aprilhenry (aprilhenry) wrote,
aprilhenry
aprilhenry

A sad waste - Tim Grant

I went to high school with a guy named Tim Grant. I remember him as sweet, very quiet, a skier. Dark thick hair he wore down to his collar, because it was, after all, 1977. Good-looking.

The police tased a guy in Portland on Monday, who then died. On Tuesday I was driving home from work and the announcer says "has been identified as 46 year old Tim Grant." I checked all the Web sites, found one that had a picture of a guy with close cropped hair. Didn't seem to be Tim. Besides, the Internet told me Tim lived in Medford, the town where we grew up. So it was a coincidence.

My husband was reading the paper this morning and I said, "Yeah, I thought that guy was someone I knew.." and stopped speaking as I bent over his shoulder and saw the word "Medford." And then I swore.

It just seems really sad. Such a waste. I had heard he had drug problems. Judging by our 20th reunion, he wasn't the only one.

Since my newest book, Shock Point, features a taser, I interviewed taser's PR guy, Steve. Now Steve sends me a press release every week or so called "Follow up to in custody death." Each explains that a death was not taser's fault. So now I will probably get one for Tim.

From today's Oregonian...

Dead man hit twice with Taser
Police - A Portland officer shocks a man despite warnings about using the stun gun when drugs are suspected
Wednesday, March 22, 2006
MAXINE BERNSTEIN
The Oregonian
A Portland officer unable to handcuff an agitated man lying on Sandy Boulevard Monday shocked him twice with a Taser stun gun held to his back and neck, witnesses and police said.

Tim W. Grant, 46, of Medford went into cardiac arrest and died a short time later, becoming the latest in a growing number of cases nationwide that have provoked debate about the police weapons.

An autopsy was conducted Tuesday, but the cause of death won't be released for at least a week. The medical examiner's office is awaiting toxicology test results to determine whether drugs were in Grant's system.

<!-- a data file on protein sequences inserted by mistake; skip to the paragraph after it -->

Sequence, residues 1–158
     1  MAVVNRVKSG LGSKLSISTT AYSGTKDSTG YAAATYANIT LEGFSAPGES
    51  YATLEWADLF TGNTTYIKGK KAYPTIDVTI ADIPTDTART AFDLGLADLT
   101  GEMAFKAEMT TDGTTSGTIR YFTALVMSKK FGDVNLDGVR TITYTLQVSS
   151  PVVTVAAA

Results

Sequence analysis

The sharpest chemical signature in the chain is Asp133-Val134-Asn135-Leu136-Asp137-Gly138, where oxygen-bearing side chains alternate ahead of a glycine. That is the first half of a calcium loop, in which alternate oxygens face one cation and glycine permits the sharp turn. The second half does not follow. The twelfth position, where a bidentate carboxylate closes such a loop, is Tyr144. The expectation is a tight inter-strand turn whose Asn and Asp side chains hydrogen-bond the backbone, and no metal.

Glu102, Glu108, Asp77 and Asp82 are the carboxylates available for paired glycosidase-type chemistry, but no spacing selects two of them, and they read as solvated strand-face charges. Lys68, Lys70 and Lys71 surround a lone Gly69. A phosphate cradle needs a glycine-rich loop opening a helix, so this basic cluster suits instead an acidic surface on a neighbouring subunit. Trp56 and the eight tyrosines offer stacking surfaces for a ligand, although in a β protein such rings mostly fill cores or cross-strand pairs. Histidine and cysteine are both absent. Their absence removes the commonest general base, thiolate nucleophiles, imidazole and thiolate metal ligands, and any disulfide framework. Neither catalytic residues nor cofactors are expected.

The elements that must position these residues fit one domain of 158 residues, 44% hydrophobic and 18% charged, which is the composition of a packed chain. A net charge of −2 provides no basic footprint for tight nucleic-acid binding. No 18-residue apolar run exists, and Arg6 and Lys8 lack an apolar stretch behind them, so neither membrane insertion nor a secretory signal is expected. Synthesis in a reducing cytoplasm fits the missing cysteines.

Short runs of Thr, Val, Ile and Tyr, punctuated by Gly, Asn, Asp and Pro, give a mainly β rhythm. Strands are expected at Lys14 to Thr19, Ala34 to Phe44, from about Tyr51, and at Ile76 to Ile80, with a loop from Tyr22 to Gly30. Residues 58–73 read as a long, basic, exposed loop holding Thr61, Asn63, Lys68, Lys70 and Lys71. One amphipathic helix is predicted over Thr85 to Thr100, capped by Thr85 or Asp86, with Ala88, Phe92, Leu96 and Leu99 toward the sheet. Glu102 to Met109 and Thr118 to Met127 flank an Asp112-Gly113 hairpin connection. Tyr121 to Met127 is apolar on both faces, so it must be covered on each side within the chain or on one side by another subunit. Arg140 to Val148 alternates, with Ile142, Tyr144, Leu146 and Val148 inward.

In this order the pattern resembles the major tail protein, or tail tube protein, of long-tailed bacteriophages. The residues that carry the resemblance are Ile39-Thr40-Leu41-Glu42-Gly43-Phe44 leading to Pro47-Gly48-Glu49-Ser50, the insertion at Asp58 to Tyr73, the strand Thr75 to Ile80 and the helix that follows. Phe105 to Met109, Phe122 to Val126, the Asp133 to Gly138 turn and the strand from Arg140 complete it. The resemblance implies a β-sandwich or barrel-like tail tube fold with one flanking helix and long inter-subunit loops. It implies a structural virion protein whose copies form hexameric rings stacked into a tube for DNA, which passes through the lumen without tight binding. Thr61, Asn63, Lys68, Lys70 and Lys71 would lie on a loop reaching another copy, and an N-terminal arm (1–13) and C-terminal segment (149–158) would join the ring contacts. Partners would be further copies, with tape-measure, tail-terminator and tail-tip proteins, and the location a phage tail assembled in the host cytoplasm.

Police think Grant may have been on stimulant drugs and in a so-called state of "excited delirium," considering his irrational, delusional state and his heightened body temperature.

....

Grant, who had struggled with cocaine use in the past, was in Portland visiting his longtime girlfriend and his sister, relatives said.

He had gone out for lunch with his sister about noon. By 3 p.m., witnesses saw him running in and out of traffic, heading west on Sandy Boulevard before he collapsed.

Mike Young, an employee at the Wireless Toyz store, ran out to help the man. By then, Grant had gotten back on his feet, stumbled across Northeast 24th Avenue and fallen on Sandy Boulevard, near the curb.

"He just cursed at me and was yelling, 'Get away . . . save me, Jesus,' " Young said. "At that point, he was lying on his stomach and kept trying to roll into the road. He grabbed my ankle and was saying 'Help me,
Jesus.' "

Young tried to stand between the man and traffic. "I don't even think he even really knew I was there," said Young, a volunteer firefighter in Boring.

Southeast Precinct Officer Paul K. Park, 35, responding to a 9-1-1 call, tried to get Grant off the street.

But Grant wasn't responding to the officer's commands.

"He was extremely out of it," said Brandon Milliken, Young's co-worker who had also run to the man's aid. "The guy acted like the officer wasn't even there."

Park, an eight-year veteran, tried to handcuff Grant as he lay on his stomach in the street. Witnesses said the officer was able to handcuff his right wrist, but then Grant grabbed the other cuff and wouldn't let go.

"Kicking and flipping"
"The guy was kicking and flipping and twisting," said Michelle Ennis, who watched from the nearby Timberline automobile dealership's showroom.

The officer, witnesses said, struck Grant in the back to get him to comply. Still unable to cuff him, Park ordered everyone back.

"He said 'Back up, I'm going to stun him,' " Young recalled.

The officer removed a cartridge from his Taser to "drive stun" Grant, meaning he held the gun at close range to shock the man instead of firing electrified probes into his skin.

The shocks didn't have much of an effect, several witnesses said. "He'd twitch for a second and then go back to rolling," Milliken said. Young said the man started bashing his head into the ground.

Grant was still conscious and talking when ambulance paramedics arrived and started to take his pulse, witnesses said. They attempted to place him on a stretcher, but then suddenly rolled him onto his back and began emergency cardiopulmonary resuscitation.

Grant, a Medford high school graduate who at one time had a commercial real estate license, had lived in Portland for many years before moving back to Medford to live with his parents about a year ago. His sister said he struggled with cocaine use but had been clean for two years.



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